You also will never see people standing in long lines to pay black market prices waiting while others choose their favorite flavor of painkiller or anti-anxiety pill. This only makes it more difficult for real patients with real needs for cannabis to obtain such at a reasonable price and time. In no way are patients to blame for the greed of a few, though medical marijuana is often seen as a joke by politicians and already supported by the majority of the nation. Through legalization, prices would drop significantly, especially for patients who would could work toward legal insurance coverage It would cut out the red tape for people looking for a simple solution. It would open the doors for patients to find better alternatives than spending thousands of their financial aid trying to stay healthy with many of the risks as yesterday.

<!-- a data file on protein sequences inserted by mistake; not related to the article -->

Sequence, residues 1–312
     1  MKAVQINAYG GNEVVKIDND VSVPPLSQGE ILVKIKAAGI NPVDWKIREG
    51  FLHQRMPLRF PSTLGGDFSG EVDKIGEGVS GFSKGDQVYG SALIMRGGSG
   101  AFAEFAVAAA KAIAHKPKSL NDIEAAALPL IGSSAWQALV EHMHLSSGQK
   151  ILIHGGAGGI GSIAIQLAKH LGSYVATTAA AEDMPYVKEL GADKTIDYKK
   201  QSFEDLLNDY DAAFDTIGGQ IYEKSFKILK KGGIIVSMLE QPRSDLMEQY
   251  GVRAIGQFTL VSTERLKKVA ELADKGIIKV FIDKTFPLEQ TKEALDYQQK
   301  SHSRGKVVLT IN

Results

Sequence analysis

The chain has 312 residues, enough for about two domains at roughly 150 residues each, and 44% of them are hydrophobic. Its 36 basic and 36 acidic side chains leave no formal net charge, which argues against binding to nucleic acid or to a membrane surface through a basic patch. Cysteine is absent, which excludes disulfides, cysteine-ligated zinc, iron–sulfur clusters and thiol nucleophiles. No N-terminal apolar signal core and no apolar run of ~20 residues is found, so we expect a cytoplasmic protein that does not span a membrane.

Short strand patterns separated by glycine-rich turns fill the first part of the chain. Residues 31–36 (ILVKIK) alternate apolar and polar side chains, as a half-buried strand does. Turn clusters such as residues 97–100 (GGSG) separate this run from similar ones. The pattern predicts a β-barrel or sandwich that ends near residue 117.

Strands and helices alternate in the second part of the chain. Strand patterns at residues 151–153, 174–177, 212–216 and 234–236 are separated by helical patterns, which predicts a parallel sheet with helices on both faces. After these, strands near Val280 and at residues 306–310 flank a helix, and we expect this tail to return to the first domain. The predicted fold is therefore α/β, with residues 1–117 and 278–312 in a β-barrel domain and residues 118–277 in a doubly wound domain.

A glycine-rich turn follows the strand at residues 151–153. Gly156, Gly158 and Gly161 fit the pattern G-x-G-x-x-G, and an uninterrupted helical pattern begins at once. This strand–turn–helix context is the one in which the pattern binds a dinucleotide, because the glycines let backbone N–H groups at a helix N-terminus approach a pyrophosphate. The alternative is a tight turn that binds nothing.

Even with the majority of the nation supporting medical, the federal government is still cracking down on legitimate patients, their caregivers, and innocent citizens caught in the cross-fire at the taxpayers’ expense. The current administration has stripped several constitutional rights and patients’ right to privacy. The patients continue to be victimized, forcing them to choose between rights and medicine. It’s unfair to make patients suffering from debilitating diseases to be constantly in legal jeopardy because of the tens of thousands of people who abuse the system. Using words and phrases like "wellness" instead of "fun" or "medicate" instead of "smoke" is like going to the local head shop and buying "glass art" instead of a "bong" or a "tobacco only pipe" instead of a "whatever you put in it pipe." The legal loopholes of linguistics is nothing more than a temporary solution that teeter-totters at the expense of the community rather than addressing the real concern. Of course that depends all on what your definition of the word "is" is.